We do not come into this world knowing how so we allow the hurt, the pain, the wounds and the disappointment to redirect us into a whole other realm of loving, of living, of thinking. In order for us to love ourselves, which God requires. If I love myself, there isn’t any way that I am going to maliciously, purposely and with intent harm you. Learn to practice self-forgiveness on a daily basis. Do no harm.

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(Shared for Forgiving Fridays)

Monday Notes: Be My Guest (Blogger)

February 2018, I relinquished my blog to friends and family who answered one question: What is self-love? Each day revealed a different answer and these inspired others to evaluate, or re-evaluate how they defined the term. Thanks to those who participated!

This year, I’m asking for fourteen guest bloggers to answer another question: How did you learn the importance of self-love?

What is expected? Please send to me a nonfiction essay or piece of narrative nonfiction that describes/explains how you began to love yourself? What happened? Was it a mate who showed you what it should (or shouldn’t) look like? Did your parents instill the importance of self-love in you? Did a specific situation lead you to self-love? Was it something you were just born with? Poetry or fiction is not appropriate.

How long should this be? I follow the blogging rules of no more than 750 words. I also believe anything less than 500 words is too short, so let’s keep it between 500-800 words so people want to actually read what you wrote.

When is the deadline? Please send this to me no later than 11:59 P.M. (EST), Thursday, January 31, 2019. I do not take deadlines lightly. Submissions received on February 1, 2019 will not be considered.

Where should you submit your writing? Please email me at kayg523@yahoo.com or use the contact form at the top of this blog.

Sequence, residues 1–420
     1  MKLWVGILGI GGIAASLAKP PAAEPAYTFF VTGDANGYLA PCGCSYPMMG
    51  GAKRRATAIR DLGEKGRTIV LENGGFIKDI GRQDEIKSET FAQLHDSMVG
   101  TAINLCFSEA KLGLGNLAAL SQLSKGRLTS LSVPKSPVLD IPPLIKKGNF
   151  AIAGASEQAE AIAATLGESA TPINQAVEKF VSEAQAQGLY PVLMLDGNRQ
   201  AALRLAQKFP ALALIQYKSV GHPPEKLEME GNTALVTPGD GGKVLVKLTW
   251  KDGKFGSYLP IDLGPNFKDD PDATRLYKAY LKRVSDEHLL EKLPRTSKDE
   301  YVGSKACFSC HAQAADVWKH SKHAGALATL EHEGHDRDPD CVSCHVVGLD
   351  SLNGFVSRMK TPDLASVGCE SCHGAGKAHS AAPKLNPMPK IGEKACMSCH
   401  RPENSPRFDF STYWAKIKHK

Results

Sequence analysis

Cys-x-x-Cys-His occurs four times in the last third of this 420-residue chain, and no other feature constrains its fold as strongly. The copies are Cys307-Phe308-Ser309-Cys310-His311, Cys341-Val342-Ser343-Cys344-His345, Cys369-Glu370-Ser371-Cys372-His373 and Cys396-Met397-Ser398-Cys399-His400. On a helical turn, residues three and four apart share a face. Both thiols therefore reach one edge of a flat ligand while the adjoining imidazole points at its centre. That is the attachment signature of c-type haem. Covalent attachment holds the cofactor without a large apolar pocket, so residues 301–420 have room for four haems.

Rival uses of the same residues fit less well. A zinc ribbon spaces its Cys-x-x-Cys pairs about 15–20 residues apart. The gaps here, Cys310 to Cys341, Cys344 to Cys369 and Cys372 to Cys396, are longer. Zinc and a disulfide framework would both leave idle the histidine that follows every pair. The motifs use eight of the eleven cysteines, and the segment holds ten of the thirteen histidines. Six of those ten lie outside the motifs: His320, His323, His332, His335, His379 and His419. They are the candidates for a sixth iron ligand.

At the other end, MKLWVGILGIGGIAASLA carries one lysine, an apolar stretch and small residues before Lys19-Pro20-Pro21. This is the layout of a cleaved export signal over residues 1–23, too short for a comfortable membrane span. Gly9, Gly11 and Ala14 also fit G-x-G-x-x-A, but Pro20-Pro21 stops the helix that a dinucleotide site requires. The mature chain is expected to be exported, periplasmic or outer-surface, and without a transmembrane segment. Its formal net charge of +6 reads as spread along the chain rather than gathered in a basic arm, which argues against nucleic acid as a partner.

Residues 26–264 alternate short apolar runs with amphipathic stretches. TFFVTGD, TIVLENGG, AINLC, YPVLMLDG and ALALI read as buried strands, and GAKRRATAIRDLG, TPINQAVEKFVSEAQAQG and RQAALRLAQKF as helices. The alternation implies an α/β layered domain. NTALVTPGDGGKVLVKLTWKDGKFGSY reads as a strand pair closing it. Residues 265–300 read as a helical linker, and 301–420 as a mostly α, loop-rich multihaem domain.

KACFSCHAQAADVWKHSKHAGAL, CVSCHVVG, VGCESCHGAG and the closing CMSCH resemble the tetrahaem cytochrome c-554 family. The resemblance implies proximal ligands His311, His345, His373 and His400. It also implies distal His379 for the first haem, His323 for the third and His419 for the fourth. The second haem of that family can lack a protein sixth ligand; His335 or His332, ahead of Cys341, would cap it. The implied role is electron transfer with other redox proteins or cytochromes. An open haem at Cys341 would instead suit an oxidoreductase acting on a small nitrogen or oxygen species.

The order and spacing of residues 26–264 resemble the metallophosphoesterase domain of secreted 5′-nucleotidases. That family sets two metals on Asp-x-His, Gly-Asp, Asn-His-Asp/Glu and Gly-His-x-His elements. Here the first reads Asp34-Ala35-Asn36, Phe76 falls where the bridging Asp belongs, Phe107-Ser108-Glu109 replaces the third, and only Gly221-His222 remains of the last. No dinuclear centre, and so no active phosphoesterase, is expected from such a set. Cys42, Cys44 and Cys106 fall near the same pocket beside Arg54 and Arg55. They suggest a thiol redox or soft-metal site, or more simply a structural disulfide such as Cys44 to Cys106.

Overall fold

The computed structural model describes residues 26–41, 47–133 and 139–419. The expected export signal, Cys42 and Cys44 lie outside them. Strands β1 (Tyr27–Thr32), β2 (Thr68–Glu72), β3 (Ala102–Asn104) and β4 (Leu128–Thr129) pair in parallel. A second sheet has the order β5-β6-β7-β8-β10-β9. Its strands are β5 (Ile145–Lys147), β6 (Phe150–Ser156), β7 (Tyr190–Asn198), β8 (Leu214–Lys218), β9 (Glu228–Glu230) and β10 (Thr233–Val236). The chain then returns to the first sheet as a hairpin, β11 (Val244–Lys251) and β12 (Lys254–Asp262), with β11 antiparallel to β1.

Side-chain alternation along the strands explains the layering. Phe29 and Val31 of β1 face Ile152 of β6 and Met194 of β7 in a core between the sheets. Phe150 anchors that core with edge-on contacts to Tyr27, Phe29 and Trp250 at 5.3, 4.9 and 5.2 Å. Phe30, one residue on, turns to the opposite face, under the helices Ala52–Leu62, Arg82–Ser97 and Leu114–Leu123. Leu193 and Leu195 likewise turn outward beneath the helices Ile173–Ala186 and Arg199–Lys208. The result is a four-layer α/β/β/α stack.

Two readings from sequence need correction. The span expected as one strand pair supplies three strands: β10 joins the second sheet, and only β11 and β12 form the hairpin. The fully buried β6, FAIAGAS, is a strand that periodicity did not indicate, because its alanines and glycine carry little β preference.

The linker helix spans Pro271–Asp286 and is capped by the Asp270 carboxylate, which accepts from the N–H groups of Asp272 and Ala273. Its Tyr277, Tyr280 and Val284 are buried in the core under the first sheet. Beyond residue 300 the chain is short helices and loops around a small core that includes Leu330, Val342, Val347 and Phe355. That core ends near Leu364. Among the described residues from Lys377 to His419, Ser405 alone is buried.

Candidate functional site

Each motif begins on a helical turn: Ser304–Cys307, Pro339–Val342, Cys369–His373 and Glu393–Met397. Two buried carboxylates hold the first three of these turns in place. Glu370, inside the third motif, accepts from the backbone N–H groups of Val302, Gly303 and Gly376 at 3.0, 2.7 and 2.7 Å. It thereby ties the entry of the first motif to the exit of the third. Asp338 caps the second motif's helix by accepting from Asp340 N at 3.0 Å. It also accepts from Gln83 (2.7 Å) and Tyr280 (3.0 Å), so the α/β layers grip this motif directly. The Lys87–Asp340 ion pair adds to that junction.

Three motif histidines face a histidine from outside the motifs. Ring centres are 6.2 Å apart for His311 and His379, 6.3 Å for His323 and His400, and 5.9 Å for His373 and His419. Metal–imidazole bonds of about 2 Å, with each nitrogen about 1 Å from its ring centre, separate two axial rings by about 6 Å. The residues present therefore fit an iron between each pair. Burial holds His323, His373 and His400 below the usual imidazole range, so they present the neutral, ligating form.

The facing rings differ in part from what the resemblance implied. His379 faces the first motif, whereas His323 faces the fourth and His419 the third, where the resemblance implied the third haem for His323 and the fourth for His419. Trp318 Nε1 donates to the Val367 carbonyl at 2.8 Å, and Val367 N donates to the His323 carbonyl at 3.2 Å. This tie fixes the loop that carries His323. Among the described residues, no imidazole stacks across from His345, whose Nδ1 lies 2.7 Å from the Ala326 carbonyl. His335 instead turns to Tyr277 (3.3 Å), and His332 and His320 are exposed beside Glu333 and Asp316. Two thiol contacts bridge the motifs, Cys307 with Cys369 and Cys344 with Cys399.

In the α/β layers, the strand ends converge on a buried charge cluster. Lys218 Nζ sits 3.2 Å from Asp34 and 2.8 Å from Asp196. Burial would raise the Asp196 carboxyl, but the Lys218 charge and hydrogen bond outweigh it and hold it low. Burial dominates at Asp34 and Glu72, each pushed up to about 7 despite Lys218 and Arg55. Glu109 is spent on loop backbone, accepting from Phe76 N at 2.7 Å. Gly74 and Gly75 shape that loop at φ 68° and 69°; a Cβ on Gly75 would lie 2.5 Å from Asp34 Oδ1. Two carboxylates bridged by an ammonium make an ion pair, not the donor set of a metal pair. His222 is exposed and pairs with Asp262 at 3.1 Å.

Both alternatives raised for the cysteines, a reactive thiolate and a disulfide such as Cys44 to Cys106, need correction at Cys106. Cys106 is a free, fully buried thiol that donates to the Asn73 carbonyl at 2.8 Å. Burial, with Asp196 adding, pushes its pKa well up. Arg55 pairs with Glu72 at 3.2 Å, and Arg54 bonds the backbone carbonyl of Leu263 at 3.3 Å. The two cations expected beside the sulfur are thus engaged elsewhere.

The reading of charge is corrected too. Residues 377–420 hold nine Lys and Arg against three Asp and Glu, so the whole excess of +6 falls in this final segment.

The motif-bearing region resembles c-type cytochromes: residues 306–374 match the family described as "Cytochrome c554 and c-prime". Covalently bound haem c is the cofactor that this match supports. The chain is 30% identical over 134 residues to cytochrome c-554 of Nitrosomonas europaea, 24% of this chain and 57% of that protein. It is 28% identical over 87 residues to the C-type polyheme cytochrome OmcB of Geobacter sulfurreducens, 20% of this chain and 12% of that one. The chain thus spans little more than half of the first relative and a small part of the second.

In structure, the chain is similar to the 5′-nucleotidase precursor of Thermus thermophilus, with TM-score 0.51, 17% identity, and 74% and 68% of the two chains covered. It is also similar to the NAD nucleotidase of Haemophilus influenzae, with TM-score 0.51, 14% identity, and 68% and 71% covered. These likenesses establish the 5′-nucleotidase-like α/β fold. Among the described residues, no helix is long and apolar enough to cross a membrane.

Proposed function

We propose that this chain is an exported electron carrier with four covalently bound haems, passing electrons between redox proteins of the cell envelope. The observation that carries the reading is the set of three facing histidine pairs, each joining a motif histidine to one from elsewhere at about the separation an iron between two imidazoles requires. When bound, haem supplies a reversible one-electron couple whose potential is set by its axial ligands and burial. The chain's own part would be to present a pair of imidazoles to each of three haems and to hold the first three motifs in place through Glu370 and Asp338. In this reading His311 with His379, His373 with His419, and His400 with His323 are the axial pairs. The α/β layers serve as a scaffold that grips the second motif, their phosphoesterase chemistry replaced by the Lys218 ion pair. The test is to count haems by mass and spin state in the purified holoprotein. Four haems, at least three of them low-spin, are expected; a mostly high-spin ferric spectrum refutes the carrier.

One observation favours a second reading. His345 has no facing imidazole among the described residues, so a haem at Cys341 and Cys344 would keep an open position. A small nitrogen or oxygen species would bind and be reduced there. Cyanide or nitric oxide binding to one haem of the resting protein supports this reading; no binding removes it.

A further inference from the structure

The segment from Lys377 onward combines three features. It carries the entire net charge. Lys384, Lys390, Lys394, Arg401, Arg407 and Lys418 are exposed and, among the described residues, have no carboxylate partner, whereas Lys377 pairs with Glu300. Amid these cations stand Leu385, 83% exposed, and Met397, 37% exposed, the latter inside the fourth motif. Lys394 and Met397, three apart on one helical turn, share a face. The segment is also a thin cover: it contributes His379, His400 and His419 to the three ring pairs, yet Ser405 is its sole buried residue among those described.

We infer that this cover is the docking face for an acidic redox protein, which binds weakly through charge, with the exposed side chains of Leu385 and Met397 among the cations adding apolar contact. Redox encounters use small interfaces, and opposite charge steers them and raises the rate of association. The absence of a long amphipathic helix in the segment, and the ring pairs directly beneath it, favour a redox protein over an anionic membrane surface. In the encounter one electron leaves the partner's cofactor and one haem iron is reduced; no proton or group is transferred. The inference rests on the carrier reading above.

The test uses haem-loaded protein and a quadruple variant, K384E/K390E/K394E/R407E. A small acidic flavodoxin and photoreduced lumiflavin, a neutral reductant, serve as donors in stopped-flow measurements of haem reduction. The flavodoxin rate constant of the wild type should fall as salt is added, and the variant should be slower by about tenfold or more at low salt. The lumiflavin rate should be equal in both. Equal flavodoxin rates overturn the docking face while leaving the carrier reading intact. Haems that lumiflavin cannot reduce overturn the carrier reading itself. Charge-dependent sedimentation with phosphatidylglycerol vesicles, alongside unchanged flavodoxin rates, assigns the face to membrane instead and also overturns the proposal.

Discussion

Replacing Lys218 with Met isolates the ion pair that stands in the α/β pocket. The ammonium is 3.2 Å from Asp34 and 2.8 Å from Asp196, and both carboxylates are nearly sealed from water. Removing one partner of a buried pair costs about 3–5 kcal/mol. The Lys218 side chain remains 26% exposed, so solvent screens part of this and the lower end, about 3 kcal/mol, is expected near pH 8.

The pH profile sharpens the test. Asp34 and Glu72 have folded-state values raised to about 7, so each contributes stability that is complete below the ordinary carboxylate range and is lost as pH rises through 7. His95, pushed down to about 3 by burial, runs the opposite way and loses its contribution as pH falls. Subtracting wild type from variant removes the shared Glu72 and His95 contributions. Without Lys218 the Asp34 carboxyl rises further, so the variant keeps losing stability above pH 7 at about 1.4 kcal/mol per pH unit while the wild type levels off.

Other formalities: Please include your social media contacts as well.

More questions? Simply ask below.

Behind the Kwote: Self-love

At the risk of sounding totally nutz, I’m sharing with you a letter I wrote to myself in 2014. I’d forgotten about it. And as I re-read the words, the whole experience seems surreal, almost as if someone else really did write this to me. This, along with many other things is what helped me make different choices about who I wanted to be in this world.

Dear Kathy,

First, love yourself more. Self-love is very important. You’ve even quoted Whitney Houston on Valentine’s Day, “The greatest love of all is learning to love yourself.” Self-love is the most important thing that you can learn on this earth. The sooner you believe you deserve love from yourself, the sooner all other forms of love will shine and make sense. Loving yourself will help you feel more confident. Loving yourself will help you open up to the love of others, some of whom have been trying to love you with their whole hearts most of their lives.

Second, you are not perfect. No one is. Sure, you’re perfectly made the way that you are, but you are human, which means that you have flaws. Do not beat yourself up for these human ways. Everyone is born with something that is bound to make them feel bad or serve as a life lesson. You are not the only one with these imperfections. Accepting them will help you complete the first task, love yourself.

self_love_goal_kegarlandThe third, and final thing I want to tell you dear heart is to listen to your instinct. Your inner-being knows what is best. You have feelings that alert you to when something doesn’t feel right. Listen to those feelings from now on. Ignoring them only makes for a more challenging time. And life here on earth is not intended to be that challenging. Remember, you create your experiences by the choices that you make. Make conscious and healthy choices for you, whether it be for relationships or for professional standing.

With love,

~kg

Happy Valentine’s Day! What would you advise your former or future self?